• 💖 [Donate To Keep MyPTSD Online] 💖 Every contribution, no matter how small, fuels our mission and helps us continue to provide peer-to-peer services. Your generosity keeps us independent and available freely to the world. MyPTSD closes if we can't reach our annual goal.

Relationship Sudden breakup

bobkindles

New Here
Hi all, I've been reading this forum a lot over the past week in the context of a recent breakup. I get the sense what I'm about to describe may be a very common story at this point, but I at least hope I can use this space to get it out on paper, so to speak.

My ex-partner broke up with me last week. We had been together for two years, long distance. Since the beginning of the month - having last seen each other in August - they abruptly announced they didn't want to do any skype or zoom contact this semester (we are both academics, so we time when we can next see each other according to the cycles of the academic year). I got very upset about this, because it didn't seem sensible to try and maintain our relationship on the basis of text alone, but I ultimately accepted it on the basis that it was what she wanted. Then, she transitioned to not wanting any communication via text at all, which I tried to observe and respect, at this point getting very worried about her state until I felt it would be appropriate to reach out, because I had sent her a birthday present, and because it was getting to the time when I would have to book my flight to go see her in December. I got no response, and when, in a state of some distress, I urged her to at least see her therapist about whatever had rendered communication between us impossible, she broke up with me, via text, and in a very angry way, threatening to block me if I contacted her again.

She does not have a formal PTSD diagnosis, but does have experiences of sexual assault, and she recently returned to the place where her assault happened (which also happens to be her undergraduate university). She never told me that any of her behaviour might be related to that, and now I feel as if I could and should have acted differently, that I could have saved the relationship if only I had the strength to not contact her (and if I had come across the discussions on this site earlier!) with an awareness of how her need for space might be related to the triggering effect of going back to where she was assaulted. I can't get out of the mental space where I feel the mistake was mine, and I feel ashamed, as a partner, and also as a man, knowing how much violence men inflict against women.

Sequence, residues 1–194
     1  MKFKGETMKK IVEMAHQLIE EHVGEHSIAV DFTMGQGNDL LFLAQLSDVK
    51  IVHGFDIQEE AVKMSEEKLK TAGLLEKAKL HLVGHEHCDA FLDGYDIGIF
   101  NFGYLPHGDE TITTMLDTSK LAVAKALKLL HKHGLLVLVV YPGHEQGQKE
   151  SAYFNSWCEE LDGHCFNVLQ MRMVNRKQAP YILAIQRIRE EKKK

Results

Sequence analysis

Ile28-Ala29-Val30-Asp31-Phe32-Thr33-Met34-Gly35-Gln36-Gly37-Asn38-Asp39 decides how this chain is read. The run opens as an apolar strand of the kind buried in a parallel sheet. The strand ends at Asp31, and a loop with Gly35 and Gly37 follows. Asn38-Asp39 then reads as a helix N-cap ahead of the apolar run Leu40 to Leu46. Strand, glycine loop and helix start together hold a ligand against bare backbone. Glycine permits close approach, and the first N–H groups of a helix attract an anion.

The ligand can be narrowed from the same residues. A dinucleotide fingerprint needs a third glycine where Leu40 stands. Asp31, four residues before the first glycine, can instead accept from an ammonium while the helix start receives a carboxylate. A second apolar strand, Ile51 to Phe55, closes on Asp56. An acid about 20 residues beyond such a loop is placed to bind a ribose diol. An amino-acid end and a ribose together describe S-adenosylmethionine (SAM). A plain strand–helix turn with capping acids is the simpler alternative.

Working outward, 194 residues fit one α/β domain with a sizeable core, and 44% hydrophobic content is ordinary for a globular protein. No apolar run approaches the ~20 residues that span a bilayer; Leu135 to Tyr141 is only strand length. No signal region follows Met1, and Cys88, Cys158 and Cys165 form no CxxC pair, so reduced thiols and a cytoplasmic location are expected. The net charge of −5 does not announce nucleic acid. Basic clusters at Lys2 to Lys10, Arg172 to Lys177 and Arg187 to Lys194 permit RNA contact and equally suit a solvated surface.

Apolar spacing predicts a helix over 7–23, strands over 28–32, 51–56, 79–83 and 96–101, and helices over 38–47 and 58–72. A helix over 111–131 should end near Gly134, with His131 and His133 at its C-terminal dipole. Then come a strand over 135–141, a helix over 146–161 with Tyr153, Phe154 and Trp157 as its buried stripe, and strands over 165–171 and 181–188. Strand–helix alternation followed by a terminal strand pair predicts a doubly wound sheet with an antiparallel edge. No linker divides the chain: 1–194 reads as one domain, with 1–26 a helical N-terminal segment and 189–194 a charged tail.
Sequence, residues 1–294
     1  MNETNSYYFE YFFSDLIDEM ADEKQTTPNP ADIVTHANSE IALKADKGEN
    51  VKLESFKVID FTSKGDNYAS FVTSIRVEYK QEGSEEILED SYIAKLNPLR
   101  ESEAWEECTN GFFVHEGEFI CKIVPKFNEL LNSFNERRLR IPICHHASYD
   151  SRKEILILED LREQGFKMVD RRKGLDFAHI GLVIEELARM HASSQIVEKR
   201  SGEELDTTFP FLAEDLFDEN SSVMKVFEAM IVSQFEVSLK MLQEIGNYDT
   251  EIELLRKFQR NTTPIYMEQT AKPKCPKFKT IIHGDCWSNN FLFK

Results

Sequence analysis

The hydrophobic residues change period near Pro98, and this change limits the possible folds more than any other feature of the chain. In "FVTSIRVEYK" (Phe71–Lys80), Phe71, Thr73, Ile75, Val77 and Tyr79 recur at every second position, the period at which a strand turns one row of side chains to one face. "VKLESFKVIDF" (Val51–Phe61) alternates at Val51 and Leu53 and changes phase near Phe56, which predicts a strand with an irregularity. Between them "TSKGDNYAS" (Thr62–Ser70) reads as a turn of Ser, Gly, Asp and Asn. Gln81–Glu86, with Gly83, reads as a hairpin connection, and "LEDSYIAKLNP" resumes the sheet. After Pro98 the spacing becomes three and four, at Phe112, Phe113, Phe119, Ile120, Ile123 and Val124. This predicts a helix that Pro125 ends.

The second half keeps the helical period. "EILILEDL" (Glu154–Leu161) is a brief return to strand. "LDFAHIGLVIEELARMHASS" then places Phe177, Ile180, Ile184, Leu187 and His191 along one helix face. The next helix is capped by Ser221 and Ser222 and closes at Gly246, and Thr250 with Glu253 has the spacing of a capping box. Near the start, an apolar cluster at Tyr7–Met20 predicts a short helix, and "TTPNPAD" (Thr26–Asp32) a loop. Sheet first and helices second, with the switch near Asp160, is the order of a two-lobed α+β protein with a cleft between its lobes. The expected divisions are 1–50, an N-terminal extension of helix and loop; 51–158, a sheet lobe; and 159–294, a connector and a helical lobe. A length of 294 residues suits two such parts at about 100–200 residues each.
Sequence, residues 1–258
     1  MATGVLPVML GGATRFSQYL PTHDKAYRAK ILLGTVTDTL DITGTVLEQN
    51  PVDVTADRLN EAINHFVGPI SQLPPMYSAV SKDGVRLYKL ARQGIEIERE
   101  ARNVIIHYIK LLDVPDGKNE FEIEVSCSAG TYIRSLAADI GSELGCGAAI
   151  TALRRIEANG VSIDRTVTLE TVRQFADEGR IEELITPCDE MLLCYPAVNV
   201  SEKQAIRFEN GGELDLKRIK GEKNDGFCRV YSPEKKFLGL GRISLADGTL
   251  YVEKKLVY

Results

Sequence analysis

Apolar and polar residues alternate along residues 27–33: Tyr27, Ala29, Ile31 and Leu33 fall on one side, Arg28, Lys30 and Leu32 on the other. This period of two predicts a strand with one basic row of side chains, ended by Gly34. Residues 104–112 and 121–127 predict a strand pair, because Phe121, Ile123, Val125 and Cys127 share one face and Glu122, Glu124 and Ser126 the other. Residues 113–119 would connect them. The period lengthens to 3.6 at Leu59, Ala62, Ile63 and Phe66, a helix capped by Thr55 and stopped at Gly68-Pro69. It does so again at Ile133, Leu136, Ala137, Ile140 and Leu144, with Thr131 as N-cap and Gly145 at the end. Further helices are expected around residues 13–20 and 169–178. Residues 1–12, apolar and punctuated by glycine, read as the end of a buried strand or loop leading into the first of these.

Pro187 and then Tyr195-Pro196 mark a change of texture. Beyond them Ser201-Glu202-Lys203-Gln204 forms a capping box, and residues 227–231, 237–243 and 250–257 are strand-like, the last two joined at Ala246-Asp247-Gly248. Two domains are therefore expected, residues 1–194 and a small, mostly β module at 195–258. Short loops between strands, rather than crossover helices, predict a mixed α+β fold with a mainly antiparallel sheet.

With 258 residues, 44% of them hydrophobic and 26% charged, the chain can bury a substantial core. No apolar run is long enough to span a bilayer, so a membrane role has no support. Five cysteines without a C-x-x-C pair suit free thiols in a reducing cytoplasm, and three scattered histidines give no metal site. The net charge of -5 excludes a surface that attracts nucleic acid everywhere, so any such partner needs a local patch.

She did subsequently reach out to me, saying she didn't mean to hurt me (I appreciate the sentiment, but needless to say, I feel ashamed and heartbroken). I gingerly suggested we might discuss what happened, to which she replied that we should both calm down first. I'm prepared for the possibility we might never speak again, and that I'll never get closure, though I plan to gently reach out when it's her birthday later in the month.

I suppose what I want to ask is whether this course of events fits a pattern, keeping in mind she does not have a PTSD diagnosis as far as I'm aware? And how do others navigate the sense of "I could/should have done something"? Is that a fair sentiment, or is there, ultimately, nothing that anyone can do when a partner who is *not* getting professional support begins to rapidly pull away?
 
I suppose what I want to ask is whether this course of events fits a pattern, keeping in mind she does not have a PTSD diagnosis as far as I'm aware? And how do others navigate the sense of "I could/should have done something"? Is that a fair sentiment, or is there, ultimately, nothing that anyone can do when a partner who is *not* getting professional support begins to rapidly pull away?
Less of a PTSD pattern than a long-distance-relationship coming to a close, pattern.
 
Back
Top